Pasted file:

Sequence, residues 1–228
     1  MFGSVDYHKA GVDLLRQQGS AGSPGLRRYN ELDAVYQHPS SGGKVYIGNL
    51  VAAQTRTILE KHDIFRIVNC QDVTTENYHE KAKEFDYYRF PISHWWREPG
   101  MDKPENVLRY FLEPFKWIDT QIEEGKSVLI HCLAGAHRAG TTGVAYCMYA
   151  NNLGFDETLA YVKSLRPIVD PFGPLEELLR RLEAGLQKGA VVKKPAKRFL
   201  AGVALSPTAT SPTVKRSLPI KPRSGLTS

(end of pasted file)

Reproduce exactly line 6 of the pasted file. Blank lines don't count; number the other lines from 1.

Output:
   201  AGVALSPTAT SPTVKRSLPI KPRSGLTS